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North Coast Section Division 7 Football Championship

North Coast Section Division 7 Football Championship: St. Helena knows section championship foe well

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ST. HELENA — The Godfather, The Terminator and Star Wars have notable sequels.

On Saturday night, an encore St. Helena High School football fans have anticipated since the third game of the season will finally happen when the second-seeded Saints (10-1) visit top seed St. Vincent de Paul (10-1) at Petaluma High for the North Coast Section Division 7 championship.

Last Friday night at St. Helena’s Bob Patterson Memorial Field, Saints players gave head coach Ian MacMillan a water bucket victory shower that streamed down his back like Niagara Falls as Neil Diamond’s “Sweet Caroline” began blaring over the loudspeaker in celebration of their 45-13 demolition of Cloverdale in the semifinals.

The Saints had to wait about 18 hours to learn of their opponent in the title game. Without further ado, the Mustangs rallied for a 25-20 win over the No. 4 seed Clear Lake on Saturday afternoon. Although St. Helena hammered Clear Lake 40-14 three weeks before in a key North Central League I contest, the sequel the Saints wanted was against St. Vincent after the Mustangs handed them their only defeat of the season, 14-13, in a nonleague showdown on Sept. 10.

Like two freight trains ready to collide, the teams now have a 7 p.m. kickoff at Ellison Field.

The Saints have won eight in a row since the loss, going 6-0 in the NCL I to win their first outright league title since 2011. St. Vincent finished in a three-way tie for the North Bay League Redwood title with Montgomery and Santa Rosa, its lone defeat being a 30-21 setback to Montgomery five weeks ago.

St. Helena would love nothing better than to avenge the earlier defeat by delivering the program’s first section title since 1977. The Saints last played in a section title game in 2014, losing 14-7 to Salesian in the NCS Division 5 title game in Richmond.

“As coaches, you want another shot at somebody that has beaten you. But in terms of thinking like that, it’s who we have to play so it doesn’t take us out of our game,” MacMillan said, referring to the revenge angle. “We just have to go to the drawing board and figure out what we are doing well and how we can adjust the things we’re not doing well.”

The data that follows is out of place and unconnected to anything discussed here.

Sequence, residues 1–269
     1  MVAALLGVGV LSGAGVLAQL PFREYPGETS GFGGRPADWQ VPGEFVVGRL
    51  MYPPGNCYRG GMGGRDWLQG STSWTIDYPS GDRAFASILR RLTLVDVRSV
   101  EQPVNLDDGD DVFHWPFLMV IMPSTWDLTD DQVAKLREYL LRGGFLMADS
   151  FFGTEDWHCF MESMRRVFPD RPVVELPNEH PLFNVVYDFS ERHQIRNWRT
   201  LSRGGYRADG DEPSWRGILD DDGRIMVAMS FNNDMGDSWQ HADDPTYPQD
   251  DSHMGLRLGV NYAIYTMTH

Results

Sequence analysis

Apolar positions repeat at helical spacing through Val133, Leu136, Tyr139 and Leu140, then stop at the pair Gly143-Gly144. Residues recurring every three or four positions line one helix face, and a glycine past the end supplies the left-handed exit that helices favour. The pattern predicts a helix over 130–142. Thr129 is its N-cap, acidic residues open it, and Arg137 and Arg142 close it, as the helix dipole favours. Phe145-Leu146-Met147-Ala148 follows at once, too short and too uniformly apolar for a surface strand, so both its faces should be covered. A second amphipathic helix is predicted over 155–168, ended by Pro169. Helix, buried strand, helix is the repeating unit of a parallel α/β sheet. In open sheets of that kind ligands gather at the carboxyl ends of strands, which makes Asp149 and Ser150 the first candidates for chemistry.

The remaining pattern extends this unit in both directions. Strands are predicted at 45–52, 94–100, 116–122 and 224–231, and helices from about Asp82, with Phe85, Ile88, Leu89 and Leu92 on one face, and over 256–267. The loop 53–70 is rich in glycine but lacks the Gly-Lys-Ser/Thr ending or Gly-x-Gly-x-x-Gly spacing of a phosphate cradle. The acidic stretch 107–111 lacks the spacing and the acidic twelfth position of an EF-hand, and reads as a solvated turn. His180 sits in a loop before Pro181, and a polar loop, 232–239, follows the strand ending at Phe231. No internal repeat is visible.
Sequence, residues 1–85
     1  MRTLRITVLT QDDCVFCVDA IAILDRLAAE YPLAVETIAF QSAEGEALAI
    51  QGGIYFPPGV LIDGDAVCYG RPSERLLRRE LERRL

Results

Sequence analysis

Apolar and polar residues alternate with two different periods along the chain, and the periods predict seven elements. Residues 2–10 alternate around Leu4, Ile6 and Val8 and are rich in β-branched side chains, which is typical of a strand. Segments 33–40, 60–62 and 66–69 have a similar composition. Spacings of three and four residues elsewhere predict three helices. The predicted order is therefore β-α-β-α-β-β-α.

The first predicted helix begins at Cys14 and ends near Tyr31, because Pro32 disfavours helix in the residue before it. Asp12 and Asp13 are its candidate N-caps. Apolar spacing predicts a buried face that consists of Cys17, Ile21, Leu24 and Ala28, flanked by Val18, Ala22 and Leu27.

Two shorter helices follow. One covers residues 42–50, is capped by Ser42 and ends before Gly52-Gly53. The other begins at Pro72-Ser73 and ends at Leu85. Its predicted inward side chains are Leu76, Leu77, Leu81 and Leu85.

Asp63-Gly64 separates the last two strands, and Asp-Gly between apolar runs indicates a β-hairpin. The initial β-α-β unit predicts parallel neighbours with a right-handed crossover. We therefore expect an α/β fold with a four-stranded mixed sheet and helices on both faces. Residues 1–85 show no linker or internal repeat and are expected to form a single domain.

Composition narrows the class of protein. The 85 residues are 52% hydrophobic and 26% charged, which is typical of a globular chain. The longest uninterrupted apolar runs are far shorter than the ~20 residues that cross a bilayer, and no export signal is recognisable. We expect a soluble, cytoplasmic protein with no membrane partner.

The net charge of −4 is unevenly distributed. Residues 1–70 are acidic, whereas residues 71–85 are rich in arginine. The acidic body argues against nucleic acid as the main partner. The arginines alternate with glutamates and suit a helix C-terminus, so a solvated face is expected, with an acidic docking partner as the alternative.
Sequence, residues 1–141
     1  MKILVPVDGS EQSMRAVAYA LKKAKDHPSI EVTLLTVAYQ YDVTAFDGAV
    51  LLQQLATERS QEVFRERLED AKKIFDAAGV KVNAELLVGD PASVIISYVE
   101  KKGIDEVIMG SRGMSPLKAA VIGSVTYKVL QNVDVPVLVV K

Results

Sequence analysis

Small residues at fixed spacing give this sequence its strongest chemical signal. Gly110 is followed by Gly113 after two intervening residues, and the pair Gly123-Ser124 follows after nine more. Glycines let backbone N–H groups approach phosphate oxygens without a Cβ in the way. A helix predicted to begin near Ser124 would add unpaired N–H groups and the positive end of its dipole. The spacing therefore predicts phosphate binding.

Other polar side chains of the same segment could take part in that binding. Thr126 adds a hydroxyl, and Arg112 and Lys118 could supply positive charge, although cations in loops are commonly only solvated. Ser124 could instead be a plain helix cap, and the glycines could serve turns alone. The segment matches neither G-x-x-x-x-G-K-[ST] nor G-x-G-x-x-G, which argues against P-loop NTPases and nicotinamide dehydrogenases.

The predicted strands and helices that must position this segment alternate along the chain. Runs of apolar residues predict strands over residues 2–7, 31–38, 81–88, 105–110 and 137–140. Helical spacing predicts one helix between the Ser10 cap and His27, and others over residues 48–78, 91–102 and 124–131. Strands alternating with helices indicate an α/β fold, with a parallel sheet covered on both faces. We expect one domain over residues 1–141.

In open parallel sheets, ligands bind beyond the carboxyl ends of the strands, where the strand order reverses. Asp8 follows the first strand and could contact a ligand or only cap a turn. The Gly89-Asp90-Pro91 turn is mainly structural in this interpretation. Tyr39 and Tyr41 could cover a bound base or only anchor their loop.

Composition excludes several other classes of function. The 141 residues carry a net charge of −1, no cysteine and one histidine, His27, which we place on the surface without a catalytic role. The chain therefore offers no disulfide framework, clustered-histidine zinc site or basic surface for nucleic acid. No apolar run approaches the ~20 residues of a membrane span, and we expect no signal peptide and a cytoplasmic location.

MacMillan added that the week of practice will present a different routine in that there is no school because of the holiday break.

“I told them that not many teams get to practice on Thanksgiving,” he said. “That’s a special day that we have as far as having families there.”

Both teams have dominated their other opponents. St. Vincent outscored its other 10 foes 374-81, while St. Helena received a league forfeit win over Kelseyville but still outscored its other nine opponents 373-73.

They have two common opponents, St. Patrick-St. Vincent of Vallejo and Clear Lake. The Mustangs beat St. Pat’s 57-0 and Clear Lake 25-20, and the Saints beat St. Pat’s 38-0 and Clear Lake 40-14.

In the season’s first meeting, the Saints turned the ball over three times and had an extra point go afoul on a bad snap. MacMillan knows his team will have to win in the margins for the program to secure their first section title in 44 years.

“Against someone as talented and well coached as they are, you have to tackle well and play good special teams,” he said. “We have to be able to keep our defense off the field. They are physical. They know their assignments.”

In an era when many teams operate out of the shotgun formation, St. Helena runs its Houston split back veer offense from under center with a trifecta of prolific ball carriers — running backs Harrison Ronayne (108 carries, 1,019 yards, nine touchdowns) and Ivan Robeldo (81-944-17) and quarterback Spencer Printz (73-632-11). The Saints have amassed 3,405 yards rushing as a team behind offensive linemen Cal Lehman, Jorge Gonzalez, Orlando Segura, Alexzander Svenningsen and Jadon Meyer and tight end Henry Dixon.